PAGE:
We start with Wednesday attempting to contact Goody Addams. Last episode, if you’ll recall, Morticia explained the difference between a psychic dove and a raven. Since Goody Addams was the last raven psychic in the family line, it’s got to be her that trains Wednesday.
But her seance is a failure, and Wednesday is interrupted by a magazine note shoved under the door. It says to meet someone at a crypt for answers.
When she gets there, it turns out that her friends have put together a surprise birthday party for her. Before she can cut the cake, however, she has a vision.
Goody Addams tells her that she must find a specific gate. After some investigation, Wednesday discovers it’s the gate to the old Gates house.
Wednesday goes to investigate, but she isn’t the only one. She is nearly discovered by Mayor Walker. He is also investigating the Gates family, even though they’re all reported to be dead. He leaves a message for Sheriff Galpin and is almost immediately run over by a car.
This incident is enough to get Wednesday’s town villages revoked. Though this seems like an empty punishment since the whole school is on lockdown. Someone burned Fire Will Rain on their front lawn.
Wednesday isn’t one for believing the rules apply to her. She has it in her head that she’s meant to save Nevermore Academy, probably from whatever descendent of Crackstone who’s still around. So she has no problem lying to Enid and Tyler and convincing them to help her sneak off campus and explore the Gates house further.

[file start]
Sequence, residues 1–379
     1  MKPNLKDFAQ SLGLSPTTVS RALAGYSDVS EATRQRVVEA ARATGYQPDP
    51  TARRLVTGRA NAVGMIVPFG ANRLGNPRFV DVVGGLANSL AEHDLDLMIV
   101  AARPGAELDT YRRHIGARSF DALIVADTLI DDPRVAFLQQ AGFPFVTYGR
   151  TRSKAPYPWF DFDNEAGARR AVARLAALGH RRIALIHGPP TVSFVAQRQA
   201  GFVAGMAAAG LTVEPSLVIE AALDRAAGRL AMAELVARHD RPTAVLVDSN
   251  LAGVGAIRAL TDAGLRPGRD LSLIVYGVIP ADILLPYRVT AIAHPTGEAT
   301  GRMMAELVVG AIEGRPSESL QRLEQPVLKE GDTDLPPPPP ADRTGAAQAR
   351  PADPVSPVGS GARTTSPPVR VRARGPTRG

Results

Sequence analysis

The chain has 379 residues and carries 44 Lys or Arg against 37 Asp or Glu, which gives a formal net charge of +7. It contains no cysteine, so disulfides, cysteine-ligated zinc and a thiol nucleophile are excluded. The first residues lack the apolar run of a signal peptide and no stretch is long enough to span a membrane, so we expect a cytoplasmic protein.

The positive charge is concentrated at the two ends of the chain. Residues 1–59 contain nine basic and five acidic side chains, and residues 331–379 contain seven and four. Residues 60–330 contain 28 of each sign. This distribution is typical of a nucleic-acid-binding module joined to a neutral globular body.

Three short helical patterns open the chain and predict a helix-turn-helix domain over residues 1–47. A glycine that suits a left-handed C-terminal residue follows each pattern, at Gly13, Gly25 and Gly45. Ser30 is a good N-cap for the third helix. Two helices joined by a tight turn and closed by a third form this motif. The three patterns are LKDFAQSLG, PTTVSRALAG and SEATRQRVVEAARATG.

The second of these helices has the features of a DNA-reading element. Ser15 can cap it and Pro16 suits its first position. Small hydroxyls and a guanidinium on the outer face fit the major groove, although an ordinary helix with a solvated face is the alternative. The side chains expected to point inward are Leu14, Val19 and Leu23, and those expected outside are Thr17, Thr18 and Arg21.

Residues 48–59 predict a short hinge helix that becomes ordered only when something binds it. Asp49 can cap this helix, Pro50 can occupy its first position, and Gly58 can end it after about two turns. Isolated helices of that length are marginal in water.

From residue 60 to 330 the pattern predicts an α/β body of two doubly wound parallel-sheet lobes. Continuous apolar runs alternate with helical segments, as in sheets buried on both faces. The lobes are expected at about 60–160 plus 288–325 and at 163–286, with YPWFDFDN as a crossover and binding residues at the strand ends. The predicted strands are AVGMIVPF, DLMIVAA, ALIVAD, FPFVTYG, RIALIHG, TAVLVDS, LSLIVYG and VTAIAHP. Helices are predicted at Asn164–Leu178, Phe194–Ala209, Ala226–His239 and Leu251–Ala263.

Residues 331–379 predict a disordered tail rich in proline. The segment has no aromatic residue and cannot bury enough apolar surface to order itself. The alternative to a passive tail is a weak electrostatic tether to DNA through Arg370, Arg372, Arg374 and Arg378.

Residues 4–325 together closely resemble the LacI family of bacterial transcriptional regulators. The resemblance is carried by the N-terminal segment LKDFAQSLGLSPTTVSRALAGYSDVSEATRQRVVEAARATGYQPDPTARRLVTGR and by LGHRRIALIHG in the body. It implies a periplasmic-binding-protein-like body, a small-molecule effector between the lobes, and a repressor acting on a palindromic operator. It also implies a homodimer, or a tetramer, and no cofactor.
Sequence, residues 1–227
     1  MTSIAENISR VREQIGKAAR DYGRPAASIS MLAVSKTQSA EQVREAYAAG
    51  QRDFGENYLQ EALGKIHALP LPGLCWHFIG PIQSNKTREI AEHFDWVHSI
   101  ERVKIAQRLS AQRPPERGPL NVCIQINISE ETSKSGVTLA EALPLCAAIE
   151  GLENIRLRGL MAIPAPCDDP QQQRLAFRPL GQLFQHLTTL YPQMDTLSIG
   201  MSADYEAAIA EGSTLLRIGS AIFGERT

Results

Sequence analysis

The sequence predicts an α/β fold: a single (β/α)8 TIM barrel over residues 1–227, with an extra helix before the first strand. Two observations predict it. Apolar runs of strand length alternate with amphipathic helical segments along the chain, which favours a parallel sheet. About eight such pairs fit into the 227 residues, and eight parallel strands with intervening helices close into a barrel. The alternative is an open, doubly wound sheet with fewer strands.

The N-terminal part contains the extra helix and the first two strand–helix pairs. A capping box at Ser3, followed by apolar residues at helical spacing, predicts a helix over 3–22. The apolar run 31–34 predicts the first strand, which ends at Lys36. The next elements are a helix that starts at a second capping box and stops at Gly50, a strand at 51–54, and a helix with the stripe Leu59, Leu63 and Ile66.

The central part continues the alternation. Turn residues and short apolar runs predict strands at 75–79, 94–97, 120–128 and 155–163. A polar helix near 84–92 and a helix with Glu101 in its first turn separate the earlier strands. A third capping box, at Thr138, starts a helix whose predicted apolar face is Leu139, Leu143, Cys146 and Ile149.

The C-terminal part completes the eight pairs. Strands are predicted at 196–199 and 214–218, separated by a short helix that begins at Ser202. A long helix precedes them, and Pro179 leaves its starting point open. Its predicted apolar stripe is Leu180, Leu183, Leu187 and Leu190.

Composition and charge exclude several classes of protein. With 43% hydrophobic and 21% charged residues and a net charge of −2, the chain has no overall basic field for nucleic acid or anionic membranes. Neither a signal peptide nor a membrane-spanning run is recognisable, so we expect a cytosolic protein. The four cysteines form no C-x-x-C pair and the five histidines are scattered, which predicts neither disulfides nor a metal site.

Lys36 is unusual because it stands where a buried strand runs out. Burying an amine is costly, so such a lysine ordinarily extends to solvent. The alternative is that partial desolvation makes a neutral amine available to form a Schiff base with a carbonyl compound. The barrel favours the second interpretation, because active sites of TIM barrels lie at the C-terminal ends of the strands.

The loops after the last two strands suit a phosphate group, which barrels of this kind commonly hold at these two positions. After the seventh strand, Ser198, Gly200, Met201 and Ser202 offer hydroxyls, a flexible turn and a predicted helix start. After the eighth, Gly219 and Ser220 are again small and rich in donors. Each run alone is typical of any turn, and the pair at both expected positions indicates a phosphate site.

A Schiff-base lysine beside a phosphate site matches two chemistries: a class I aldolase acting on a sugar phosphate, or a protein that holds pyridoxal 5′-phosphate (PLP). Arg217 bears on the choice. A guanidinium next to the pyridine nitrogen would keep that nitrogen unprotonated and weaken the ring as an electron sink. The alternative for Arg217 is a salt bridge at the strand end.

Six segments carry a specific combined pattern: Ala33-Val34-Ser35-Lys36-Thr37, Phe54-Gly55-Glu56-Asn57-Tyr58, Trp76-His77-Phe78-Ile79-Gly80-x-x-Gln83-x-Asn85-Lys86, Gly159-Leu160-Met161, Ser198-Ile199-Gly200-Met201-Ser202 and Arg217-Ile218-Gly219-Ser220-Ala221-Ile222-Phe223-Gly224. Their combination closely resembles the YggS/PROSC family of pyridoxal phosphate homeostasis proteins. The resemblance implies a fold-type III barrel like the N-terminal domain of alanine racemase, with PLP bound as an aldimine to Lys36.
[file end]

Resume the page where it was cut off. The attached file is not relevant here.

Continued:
This, of course, is an incredibly informative trip. The kids find a hidden altar to Crackstone, as well as the missing body parts from the monster’s victims. They also find evidence that someone’s been staying in the house. Someone who’s staying in what looks like a little girl’s room.
Before they can find anything more, the monster finds them. They barely escape, and go to the sheriff with what they find.
Of course, the house has been cleared out by the time Sheriff Galpin arrives. Furious that his son was almost killed, he tells Wednesday to stay away from him.
Because that always works, right?
Galpin isn’t the only one angry. Enid is fed up with the way Wednesday has been treating her. And so she leaves their room to bunk with someone else, leaving Wednesday alone.
This episode was well done. The discoveries at the house were exciting, and I’m almost sure I know who’s behind the murders at this point. Overall, this was a good ramp-up to the season finale.
Finally, this episode did something I was worried just wasn’t going to happen. And for that alone, it deserves praise.
Wednesday has been incredibly selfish and inconsiderate since the first episode. She’s been rude and demanding towards Thing. She’s ignored her friends’ needs and emotions while insisting they put themselves in danger for her investigation. She has respected no one’s boundaries, even while other people have at least tried to respect hers.
And now, it’s finally come back to bite her. All of the people who have been doing their best to show her kindness and support are finally done with her bullshit.
Yes, this is a good thing! Characters are best when they’re allowed to learn and grow. When they don’t come to us flawless. When they mess up and learn from it. Especially for a show aimed at kids, this is essential.
If you’d asked me at the beginning of the season if this character was going to experience honest character growth, I’d have assured you it would never happen. Much to my surprise, it’s happening. I hope that Wednesday is going to come out of this a better person. With two episodes left in the season, there’s plenty of time for that. (4 / 5)